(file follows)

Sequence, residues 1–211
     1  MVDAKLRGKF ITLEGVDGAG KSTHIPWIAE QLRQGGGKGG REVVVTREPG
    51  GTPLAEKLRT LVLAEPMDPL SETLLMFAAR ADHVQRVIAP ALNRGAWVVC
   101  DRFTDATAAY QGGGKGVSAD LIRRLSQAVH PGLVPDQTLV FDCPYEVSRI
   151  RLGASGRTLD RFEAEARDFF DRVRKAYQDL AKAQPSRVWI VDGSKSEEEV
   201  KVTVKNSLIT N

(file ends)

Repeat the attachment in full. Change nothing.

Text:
Sequence, residues 1–211
     1  MVDAKLRGKF ITLEGVDGAG KSTHIPWIAE QLRQGGGKGG REVVVTREPG
    51  GTPLAEKLRT LVLAEPMDPL SETLLMFAAR ADHVQRVIAP ALNRGAWVVC
   101  DRFTDATAAY QGGGKGVSAD LIRRLSQAVH PGLVPDQTLV FDCPYEVSRI
   151  RLGASGRTLD RFEAEARDFF DRVRKAYQDL AKAQPSRVWI VDGSKSEEEV
   201  KVTVKNSLIT N